The Progressive


A project of Common Dreams

For Immediate Release

Dan Becker

EPA Caves to Industry Pressure, Finalizes Weaker Auto Pollution Rule

The U.S. Environmental Protection Agency today finalized new tailpipe emissions standards for model years 2027 to 2032 that allow far more pollution than the strongest alternative it considered. The standards fail to prevent massive carbon pollution from millions of new gas-powered SUVs, pickup trucks and cars.

The EPA estimates the rule’s emissions requirements would result in up to 67% electric vehicle sales by 2032. But the rule requires fewer emissions reductions in the early years compared to the agency’s alternative proposal. That will pump long-lived carbon pollution into the atmosphere sooner and do more damage to the climate than would have been allowed under stronger versions the administration analyzed.

“This rule could’ve been the biggest single step of any nation on climate, but the EPA caved to pressure from Big Auto, Big Oil and car dealers and riddled the plan with loopholes big enough to drive a Ford F150 through,” said Dan Becker, director of the Center for Biological Diversity’s Safe Climate Transport Campaign. “The weaker rule means cars and pickups spew more pollution, oil companies keep socking consumers at the pump, and automakers keep wielding well-practiced delay tactics.”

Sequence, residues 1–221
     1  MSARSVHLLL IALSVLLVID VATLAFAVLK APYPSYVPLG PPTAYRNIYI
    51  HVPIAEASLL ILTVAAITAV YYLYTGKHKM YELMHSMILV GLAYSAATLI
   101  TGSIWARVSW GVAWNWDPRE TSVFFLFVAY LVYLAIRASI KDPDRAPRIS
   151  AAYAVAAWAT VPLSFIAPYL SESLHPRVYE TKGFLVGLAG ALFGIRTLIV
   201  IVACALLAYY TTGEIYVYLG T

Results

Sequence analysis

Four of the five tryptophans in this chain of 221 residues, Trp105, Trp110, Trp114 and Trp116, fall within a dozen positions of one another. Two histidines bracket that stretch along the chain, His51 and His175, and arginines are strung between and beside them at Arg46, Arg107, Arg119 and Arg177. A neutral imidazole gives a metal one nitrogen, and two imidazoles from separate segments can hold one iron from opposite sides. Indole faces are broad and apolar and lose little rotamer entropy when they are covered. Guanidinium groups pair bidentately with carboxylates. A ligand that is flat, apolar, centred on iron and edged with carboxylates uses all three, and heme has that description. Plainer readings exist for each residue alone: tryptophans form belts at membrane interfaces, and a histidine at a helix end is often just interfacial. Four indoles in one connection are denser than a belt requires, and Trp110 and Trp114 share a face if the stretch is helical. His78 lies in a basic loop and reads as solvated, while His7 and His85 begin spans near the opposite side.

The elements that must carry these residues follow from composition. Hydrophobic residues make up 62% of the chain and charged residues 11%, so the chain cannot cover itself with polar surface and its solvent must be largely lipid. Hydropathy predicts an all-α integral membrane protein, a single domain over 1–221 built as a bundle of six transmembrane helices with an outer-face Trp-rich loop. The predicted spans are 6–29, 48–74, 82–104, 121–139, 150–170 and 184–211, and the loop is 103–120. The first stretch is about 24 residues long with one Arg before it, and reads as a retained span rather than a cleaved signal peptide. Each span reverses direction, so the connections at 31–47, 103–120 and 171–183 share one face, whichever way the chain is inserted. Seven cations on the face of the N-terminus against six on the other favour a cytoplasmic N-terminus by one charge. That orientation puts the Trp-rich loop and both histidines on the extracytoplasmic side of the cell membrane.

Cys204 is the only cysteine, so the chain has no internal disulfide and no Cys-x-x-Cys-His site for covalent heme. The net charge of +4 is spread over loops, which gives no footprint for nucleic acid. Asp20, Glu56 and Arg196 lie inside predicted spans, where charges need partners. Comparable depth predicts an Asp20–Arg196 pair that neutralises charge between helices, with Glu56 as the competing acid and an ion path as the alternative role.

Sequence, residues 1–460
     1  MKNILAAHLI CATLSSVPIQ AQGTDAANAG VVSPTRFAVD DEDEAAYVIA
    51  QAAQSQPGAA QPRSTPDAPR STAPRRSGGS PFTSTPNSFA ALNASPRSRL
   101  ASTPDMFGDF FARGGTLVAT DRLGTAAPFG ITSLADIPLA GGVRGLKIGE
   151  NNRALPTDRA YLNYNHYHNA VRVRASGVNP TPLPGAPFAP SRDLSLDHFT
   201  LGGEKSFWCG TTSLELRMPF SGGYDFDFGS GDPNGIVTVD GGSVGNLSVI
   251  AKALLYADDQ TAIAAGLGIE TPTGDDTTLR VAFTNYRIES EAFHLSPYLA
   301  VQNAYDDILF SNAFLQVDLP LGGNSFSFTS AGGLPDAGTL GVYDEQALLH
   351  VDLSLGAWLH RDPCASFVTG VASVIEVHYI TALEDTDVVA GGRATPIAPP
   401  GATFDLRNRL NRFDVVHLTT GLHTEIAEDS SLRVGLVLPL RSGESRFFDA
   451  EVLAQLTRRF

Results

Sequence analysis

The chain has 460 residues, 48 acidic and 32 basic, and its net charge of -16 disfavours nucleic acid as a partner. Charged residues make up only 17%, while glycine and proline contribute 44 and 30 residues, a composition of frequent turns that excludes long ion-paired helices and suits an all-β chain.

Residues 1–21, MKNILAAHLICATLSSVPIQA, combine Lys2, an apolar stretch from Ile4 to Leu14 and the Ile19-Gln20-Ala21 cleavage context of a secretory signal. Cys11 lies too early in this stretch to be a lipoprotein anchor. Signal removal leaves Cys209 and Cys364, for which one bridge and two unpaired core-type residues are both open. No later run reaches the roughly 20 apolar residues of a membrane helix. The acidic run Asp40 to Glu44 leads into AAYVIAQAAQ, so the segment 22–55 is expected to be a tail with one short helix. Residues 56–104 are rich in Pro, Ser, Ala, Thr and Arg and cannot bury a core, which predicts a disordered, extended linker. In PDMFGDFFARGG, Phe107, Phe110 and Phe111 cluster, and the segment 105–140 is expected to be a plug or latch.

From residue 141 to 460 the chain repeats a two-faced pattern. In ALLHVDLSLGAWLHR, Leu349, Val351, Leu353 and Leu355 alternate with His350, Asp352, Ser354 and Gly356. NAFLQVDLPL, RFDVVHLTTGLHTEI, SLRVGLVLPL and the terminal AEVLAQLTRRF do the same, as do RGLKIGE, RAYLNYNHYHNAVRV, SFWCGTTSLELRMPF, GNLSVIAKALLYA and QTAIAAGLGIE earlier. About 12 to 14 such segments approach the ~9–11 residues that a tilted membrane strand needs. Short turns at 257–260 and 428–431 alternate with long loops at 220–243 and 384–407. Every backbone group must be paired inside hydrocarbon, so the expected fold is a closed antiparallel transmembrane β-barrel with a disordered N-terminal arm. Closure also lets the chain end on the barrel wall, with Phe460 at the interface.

“In exchange for making EVs, the rule allows automakers to produce tens of millions of new gas-guzzlers with few or no carbon cuts,” said Becker. “These cars, SUVs and pickups will dominate sales through much of this decade, guzzling and polluting into the middle of the century.”

Stronger standards would have helped consumers, especially those with low incomes, because EVs save money compared to gas-powered vehicles, even in California where electricity is expensive. They would make economic sense.

“BYD, a Chinese EV manufacturer, and other foreign companies will be happy to seize the EV market as Detroit falls behind,” said Becker. “The U.S. automakers never recovered the huge market share they lost to Japanese companies in the 1970s and ‘80s, yet here we go again.”

“All automakers have safe, affordable gas-saving technology,” said Becker. “This is auto mechanics, not rocket science. Unfortunately, industry lobbying turned this process into a race between loopholes and the climate, and the loopholes won.”

“The government recognizes climate change as an existential threat, but this modest step fails to rise to the challenge,” Becker said. “So next we’ll urge California to exercise its authority to set tougher new standards to protect its people from the auto pollution that will continue to spew after the EPA standards are implemented.”

At the Center for Biological Diversity, we believe that the welfare of human beings is deeply linked to nature — to the existence in our world of a vast diversity of wild animals and plants. Because diversity has intrinsic value, and because its loss impoverishes society, we work to secure a future for all species, great and small, hovering on the brink of extinction. We do so through science, law and creative media, with a focus on protecting the lands, waters and climate that species need to survive.

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